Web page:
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ACC Weekend Review: 02.20.18 Edition

Posted by Brad Jenkins (@bradjenk) on February 20th, 2018

This weekend it was as if traveling ACC squads were on a Disney vacation with six road teams coming out on top. Before Saturday’s action, ACC teams had won 64 percent of their home games this year, but only hapless Pittsburgh (at Florida State) failed to win away from home this weekend. Among the successful road warriors, Duke beat Clemson in a battle for second place in the league, North Carolina continued its winning ways by rolling past Louisville, and Syracuse got back in the bubble conversation by upsetting Miami. In other action, Notre Dame got a superb game from Matt Ferrell to beat Boston College before dropping a game to Miami, and surging NC State handled Wake Forest. Here are the highlights from this weekend’s action around the ACC.

Gabe DeVoe and his teammates struggled to score against Duke’s zone defense in the Tigers’ home loss Sunday afternoon. (AP Photo/Richard Shiro)

  • Best Win: Duke used its improving defense to pick up a big 66-57 win in Littlejohn Coliseum on Sunday. With each team missing a key player — Marvin Bagley III (Duke) and Shelton Mitchell (Clemson) — the weekend’s marquee ACC contest turned into a low-possession slugfest. After trailing for most of the second half, the Tigers reeled off 10 consecutive points to tie the game before Duke answered with the game’s final nine points. Duke has now won three straight games without Bagley in the lineup as Grayson Allen (19 points) has played much better, but the biggest difference for the Blue Devils lately has been on the defensive end. Playing a zone almost exclusively, Duke held Clemson to just 24.2 percent shooting in the second half and has now held 10 of its last 12 opponents under 1.0 point per possession.

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What We Learned From a Wild Week in the Big Ten

Posted by Tommy Lemoine on February 19th, 2018

From massive upsets to historic comebacks and some ridiculous individual performances in-between, it was one heck of a week in the Big Ten. Let’s examine a few key takeaways.

Purdue should be just fine, assuming Vincent Edwards returns to action. (John Terhune/Journal & Courier)

  • Purdue fans need not panic (unless, of course, Vincent Edwards’ injury lingers). Entering its game against Ohio State on February 7, Purdue had won 19 straight, sat undefeated in the Big Ten (12-0), and looked seemingly unbeatable — especially in Mackey Arena, where it had crushed its opponents by 27 points per game. Then the Boilermakers stumbled against the Buckeyes. Then they dropped a nail-biter at Michigan State, which was followed by a stunning defeat at Wisconsin on Thursday. Suddenly, there were deep concerns about Matt Painter‘s crew. “Something just feels different,” senior Vincent Edwards said of the team’s struggles last Thursday. Take a step back and examine the losses, though, and it’s clear that bad luck was partially at play. Were it not for a last second tip-in against Ohio State and a last second three-pointer versus Michigan State, perhaps the Boilermakers would have gone 3-1 in their last four games. Maybe even 4-0. Their close win over red-hot Penn State on Sunday shows just how fine the line is between a quality win and a “problematic” loss. If there is real cause for concern, it’s this: Edwards (14.9 PPG, 7.8 RPG) missed the game against the Nittany Lions with an injured ankle. Assuming he doesn’t miss extended time down the stretch, Purdue should still be considered a Final Four contender. If his injury lingers, then the Boilers can panic.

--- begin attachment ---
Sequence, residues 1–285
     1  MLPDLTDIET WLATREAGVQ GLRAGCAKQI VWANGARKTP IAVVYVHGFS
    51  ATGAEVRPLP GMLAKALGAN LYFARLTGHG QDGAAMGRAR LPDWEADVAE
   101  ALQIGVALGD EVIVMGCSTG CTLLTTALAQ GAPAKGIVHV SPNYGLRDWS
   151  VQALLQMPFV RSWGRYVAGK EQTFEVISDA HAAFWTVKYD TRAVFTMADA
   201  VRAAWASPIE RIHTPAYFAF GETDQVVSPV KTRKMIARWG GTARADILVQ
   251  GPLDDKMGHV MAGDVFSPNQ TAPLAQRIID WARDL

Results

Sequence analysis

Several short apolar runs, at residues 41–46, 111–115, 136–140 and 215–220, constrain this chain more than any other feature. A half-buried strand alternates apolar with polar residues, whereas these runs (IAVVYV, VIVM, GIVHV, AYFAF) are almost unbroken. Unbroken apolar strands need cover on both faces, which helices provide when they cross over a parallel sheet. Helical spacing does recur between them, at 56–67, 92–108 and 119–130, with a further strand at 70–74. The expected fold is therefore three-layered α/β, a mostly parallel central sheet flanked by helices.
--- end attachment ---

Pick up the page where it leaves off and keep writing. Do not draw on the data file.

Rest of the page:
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Big 12 Weekend In Review

Posted by Brian Goodman on February 19th, 2018

Another weekend of Big 12 action is in the books, and with it another dramatic set of games, each one carrying significant implications on both the league standings and the at-large picture for the NCAA Tournament. With Kansas and Texas Tech drawing back to even with four games remaining — including a crucial head-to-head match-up this coming Saturday — there’s still plenty of intrigue even if Saturday night’s events in Lawrence gave the impression that a 14th straight conference title for the Jayhawks is likelier than the standings suggest.